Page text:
Back when she was 16, odds were that life wouldn’t turn out right for the Minneapolis girl called Alicia.
More than just entangled in the throes of adolescence, she was overwhelmed. She knew she was smart, but she struggled with school and so she acted out, hanging with gangs, running away so often her mother finally threw up her hands in desperation and had her admitted briefly to a teen mental-health program.
“I was my own disaster,’’ Alicia Frosch, the confident and well-spoken 34-year-old woman she became tells me now, a college graduate and a societal game-changer.
Along her life’s path Frosch learned dyslexia was the reason for her school struggles and found success, thanks to counseling, an alternative high school and the help of her “wonderful” mother, she says.
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I’m sharing her story as proof the folks at Children’s Defense Fund-Minnesota know what they’re talking about when they believe enough in a teen to honor him or her as a Beat the Odds honoree and award them a college scholarship for overcoming extreme adversity.
Sixteen years ago Frosch won that award and made connections to CDF-Minnesota that helped change her life.
Four other high school seniors were honored March 16 with Beat the Odds awards at the 20th annual event.
They are Anne Sinner and Raymond Perez, both students at Como High School in St. Paul; Lashay Thompson of Highland Park High School in St. Paul and Eduardo Sanchez Beltran of Roosevelt High School in Minneapolis. Each will receive a $4,000 scholarship. They were selected from more than 125 applicants from across the Twin Cities.
Their stories, like Frosch’s, are remarkable and inspiring.
Tragic home life
Perez rose above a tragic home life with his father being arrested for selling drugs and then deported and his mother struggling with cocaine addiction. But he signed on to school work and local training and college readiness programs and will be the first in his family to attend college.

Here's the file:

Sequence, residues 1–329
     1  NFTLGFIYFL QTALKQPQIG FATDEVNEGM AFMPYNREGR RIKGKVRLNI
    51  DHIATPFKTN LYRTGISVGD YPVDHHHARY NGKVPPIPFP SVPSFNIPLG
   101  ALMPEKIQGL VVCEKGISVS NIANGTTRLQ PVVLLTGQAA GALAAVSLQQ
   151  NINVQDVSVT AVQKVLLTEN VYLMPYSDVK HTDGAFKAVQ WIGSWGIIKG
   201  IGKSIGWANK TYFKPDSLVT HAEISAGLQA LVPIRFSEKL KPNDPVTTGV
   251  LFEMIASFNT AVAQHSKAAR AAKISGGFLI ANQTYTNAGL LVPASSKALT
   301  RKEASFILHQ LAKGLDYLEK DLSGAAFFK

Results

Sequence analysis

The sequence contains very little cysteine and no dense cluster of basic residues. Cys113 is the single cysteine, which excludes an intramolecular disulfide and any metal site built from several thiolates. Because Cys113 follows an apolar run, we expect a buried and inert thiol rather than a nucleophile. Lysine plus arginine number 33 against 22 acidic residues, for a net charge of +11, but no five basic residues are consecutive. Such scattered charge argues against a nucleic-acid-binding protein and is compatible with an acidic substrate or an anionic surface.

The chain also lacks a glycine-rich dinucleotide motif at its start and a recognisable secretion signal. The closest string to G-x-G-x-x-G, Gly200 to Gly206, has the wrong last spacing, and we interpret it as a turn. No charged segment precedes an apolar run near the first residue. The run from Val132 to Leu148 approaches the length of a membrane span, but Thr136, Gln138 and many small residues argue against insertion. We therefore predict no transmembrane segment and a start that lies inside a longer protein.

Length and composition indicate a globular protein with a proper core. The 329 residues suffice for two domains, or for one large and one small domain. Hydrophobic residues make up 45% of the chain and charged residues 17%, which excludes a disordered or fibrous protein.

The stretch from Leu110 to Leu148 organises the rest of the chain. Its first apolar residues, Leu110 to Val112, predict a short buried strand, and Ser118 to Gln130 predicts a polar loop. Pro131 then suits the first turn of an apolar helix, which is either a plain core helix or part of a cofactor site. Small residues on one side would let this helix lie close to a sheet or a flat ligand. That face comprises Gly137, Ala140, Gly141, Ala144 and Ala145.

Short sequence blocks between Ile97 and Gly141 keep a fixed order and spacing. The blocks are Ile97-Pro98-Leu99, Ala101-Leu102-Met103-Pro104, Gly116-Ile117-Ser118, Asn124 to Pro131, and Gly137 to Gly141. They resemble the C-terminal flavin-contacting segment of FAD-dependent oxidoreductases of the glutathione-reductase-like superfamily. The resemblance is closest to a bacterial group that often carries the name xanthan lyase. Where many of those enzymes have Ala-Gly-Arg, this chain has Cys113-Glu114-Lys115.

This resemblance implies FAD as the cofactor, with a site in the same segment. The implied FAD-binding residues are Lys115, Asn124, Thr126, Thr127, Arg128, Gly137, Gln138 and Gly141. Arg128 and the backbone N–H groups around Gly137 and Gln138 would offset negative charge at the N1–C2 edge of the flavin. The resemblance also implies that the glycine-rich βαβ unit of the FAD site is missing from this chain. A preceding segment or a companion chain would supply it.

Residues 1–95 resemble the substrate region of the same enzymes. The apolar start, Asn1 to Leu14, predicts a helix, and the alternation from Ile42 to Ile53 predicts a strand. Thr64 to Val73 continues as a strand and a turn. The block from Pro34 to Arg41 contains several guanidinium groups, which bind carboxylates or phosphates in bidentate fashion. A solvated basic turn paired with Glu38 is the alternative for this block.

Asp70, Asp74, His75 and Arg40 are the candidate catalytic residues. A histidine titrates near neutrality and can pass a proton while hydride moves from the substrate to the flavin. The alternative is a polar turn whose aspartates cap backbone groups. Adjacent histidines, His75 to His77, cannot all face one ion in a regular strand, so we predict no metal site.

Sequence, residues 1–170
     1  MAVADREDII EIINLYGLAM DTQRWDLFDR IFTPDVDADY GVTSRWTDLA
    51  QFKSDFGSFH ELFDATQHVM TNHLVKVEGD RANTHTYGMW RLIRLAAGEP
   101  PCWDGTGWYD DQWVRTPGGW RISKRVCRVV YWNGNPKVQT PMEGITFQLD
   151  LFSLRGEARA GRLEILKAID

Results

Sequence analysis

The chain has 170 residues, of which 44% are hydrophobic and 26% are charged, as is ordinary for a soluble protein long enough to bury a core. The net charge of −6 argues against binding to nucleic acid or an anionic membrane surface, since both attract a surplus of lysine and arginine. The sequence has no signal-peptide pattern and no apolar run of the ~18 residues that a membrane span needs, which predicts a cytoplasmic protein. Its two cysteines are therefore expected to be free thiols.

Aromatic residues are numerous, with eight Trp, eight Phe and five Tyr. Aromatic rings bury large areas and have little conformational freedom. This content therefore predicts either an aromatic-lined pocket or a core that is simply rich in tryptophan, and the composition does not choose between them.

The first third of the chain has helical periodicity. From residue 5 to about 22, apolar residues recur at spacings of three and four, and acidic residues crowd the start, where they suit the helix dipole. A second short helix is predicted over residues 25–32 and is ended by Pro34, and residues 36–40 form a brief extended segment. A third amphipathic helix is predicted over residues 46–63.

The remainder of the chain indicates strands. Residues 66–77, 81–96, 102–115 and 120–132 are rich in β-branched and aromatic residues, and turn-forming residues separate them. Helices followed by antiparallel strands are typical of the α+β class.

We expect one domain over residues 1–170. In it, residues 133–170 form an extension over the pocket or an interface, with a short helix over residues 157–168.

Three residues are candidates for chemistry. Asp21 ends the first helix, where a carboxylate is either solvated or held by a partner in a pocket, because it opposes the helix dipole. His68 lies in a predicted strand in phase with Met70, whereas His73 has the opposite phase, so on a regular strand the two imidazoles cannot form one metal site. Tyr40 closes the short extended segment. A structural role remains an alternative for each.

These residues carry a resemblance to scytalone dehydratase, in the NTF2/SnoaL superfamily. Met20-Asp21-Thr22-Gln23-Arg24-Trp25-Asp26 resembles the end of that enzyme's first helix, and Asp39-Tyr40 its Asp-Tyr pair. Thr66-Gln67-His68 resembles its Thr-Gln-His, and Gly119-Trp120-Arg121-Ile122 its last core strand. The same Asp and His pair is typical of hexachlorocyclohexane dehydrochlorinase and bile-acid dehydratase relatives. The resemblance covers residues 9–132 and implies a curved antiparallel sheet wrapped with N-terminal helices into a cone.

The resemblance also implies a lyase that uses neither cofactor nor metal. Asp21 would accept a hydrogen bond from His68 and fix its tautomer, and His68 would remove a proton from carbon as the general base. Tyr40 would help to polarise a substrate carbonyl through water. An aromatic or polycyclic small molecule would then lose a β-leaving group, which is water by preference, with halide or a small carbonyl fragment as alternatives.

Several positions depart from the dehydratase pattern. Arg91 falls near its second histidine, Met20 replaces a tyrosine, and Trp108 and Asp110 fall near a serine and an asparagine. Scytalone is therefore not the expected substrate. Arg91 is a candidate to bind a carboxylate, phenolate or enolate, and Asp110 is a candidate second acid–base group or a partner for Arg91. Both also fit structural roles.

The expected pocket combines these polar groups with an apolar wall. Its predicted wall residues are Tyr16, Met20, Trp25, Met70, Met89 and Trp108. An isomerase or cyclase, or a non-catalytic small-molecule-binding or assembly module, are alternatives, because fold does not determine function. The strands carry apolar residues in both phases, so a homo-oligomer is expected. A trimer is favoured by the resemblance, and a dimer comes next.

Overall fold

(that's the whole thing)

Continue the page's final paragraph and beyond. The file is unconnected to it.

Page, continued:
Beltran and his family came to Minneapolis from Mexico in search of the American dream but found poverty, racism and violence. He overcame post-traumatic stress disorder set off by an incident involving eight gang members shoving a gun in his stomach and a knife to his neck. President of his school’s chapter of the National Honor Society, he also is involved with theater and works with his dad in construction. He has a 3.7 GPA.
Become a sustaining member today
Sinner encountered hardship, poverty and emotional trauma at home. Her 15-year-old cousin and close friend was murdered. But Sinner, with family help and dedicated school teachers, found resilience and self-confidence. She will graduate with a 3.95 GPA and head to college to study psychology. “I know no matter what life throws my way, I can rise above it,’’ she says.
Thompson grew up in New Burgh, N.Y., which she calls “a place where people die all the time.’’ She dealt with issues a child shouldn’t have to: a parent’s drug addiction and cancer, extreme poverty and tragic losses. Now planning for college, she has turned her life around thanks in part to a teen training program and volunteer work. “Sometimes,’’ she says, “you have to make it through all the bad to get to the good…”
That realization propelled the mother of Anthony Williams, now 30, a 2000 Beat the Odds honoree, to move her family from St. Louis, Mo., to Minnesota to get away from negative family influences.
“A majority of the males in our family were either incarcerated or dead” because of violence, he says. “I chose a different path,’’ and broke that cycle, he says.
A college graduate, he works as a transitions counselor in the Minneapolis Public Schools adult basic education program. He is also executive director of the Kwanzaa Community Church CDF Freedom Schools Program in north Minneapolis. The program provides a six-week summer school program focusing on literacy.
Advocating for justice
As for Frosch, that other long-ago award recipient, there’s more to tell.
Today she is an advocate. She argues the importance of quality child care and early childhood education for Child Care Works now but will soon start a job with the YWCA of Minneapolis working for racial justice.
She explains in an email: “I am a bi-racial (German and African American) woman with tri-racial (their father was Mexican) boys. I have witnessed and experienced many barriers and injustice because of race, culture and immigration. With this new position I am hoping to be a bridge to start the conversation around racial justice.”
The Children’s Defense Fund, both on local and national levels, she says, helped her change her career focus.
Attending a Stand for Kids rally with CDF and later a CDF leadership training program on community organizing and advocacy, she realized her dreams were too small. She realized, she says, that as a child care center teacher she would focus on individuals, but as an advocate she could help change society.
“Helping the individual is great,’’ she says, but “I believe I can do a lot at a systemic level.’’